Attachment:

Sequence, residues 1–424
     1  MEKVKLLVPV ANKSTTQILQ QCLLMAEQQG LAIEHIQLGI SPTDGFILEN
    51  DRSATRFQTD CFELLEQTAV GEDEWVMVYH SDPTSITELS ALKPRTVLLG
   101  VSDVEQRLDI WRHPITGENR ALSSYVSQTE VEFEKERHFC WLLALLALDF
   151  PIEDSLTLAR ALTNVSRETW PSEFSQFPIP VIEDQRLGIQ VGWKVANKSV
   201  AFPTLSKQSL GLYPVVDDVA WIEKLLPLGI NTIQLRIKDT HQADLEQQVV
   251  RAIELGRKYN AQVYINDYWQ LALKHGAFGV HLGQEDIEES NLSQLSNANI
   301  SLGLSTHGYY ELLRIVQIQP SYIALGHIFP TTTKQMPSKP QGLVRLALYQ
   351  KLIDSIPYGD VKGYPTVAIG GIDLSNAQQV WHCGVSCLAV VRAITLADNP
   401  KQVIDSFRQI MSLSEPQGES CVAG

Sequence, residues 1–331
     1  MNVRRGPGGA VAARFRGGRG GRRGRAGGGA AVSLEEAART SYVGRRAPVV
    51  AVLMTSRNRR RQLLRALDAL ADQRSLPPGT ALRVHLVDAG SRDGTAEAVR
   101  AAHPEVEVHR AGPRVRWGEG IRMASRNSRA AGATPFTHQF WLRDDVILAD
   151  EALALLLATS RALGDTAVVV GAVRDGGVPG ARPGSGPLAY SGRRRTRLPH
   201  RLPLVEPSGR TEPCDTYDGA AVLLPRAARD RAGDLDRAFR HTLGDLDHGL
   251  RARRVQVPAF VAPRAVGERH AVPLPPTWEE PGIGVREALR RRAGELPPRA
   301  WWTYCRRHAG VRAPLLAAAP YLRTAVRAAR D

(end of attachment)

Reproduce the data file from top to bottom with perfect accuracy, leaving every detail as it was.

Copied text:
Sequence, residues 1–424
     1  MEKVKLLVPV ANKSTTQILQ QCLLMAEQQG LAIEHIQLGI SPTDGFILEN
    51  DRSATRFQTD CFELLEQTAV GEDEWVMVYH SDPTSITELS ALKPRTVLLG
   101  VSDVEQRLDI WRHPITGENR ALSSYVSQTE VEFEKERHFC WLLALLALDF
   151  PIEDSLTLAR ALTNVSRETW PSEFSQFPIP VIEDQRLGIQ VGWKVANKSV
   201  AFPTLSKQSL GLYPVVDDVA WIEKLLPLGI NTIQLRIKDT HQADLEQQVV
   251  RAIELGRKYN AQVYINDYWQ LALKHGAFGV HLGQEDIEES NLSQLSNANI
   301  SLGLSTHGYY ELLRIVQIQP SYIALGHIFP TTTKQMPSKP QGLVRLALYQ
   351  KLIDSIPYGD VKGYPTVAIG GIDLSNAQQV WHCGVSCLAV VRAITLADNP
   401  KQVIDSFRQI MSLSEPQGES CVAG

Sequence, residues 1–331
     1  MNVRRGPGGA VAARFRGGRG GRRGRAGGGA AVSLEEAART SYVGRRAPVV
    51  AVLMTSRNRR RQLLRALDAL ADQRSLPPGT ALRVHLVDAG SRDGTAEAVR
   101  AAHPEVEVHR AGPRVRWGEG IRMASRNSRA AGATPFTHQF WLRDDVILAD
   151  EALALLLATS RALGDTAVVV GAVRDGGVPG ARPGSGPLAY SGRRRTRLPH
   201  RLPLVEPSGR TEPCDTYDGA AVLLPRAARD RAGDLDRAFR HTLGDLDHGL
   251  RARRVQVPAF VAPRAVGERH AVPLPPTWEE PGIGVREALR RRAGELPPRA
   301  WWTYCRRHAG VRAPLLAAAP YLRTAVRAAR D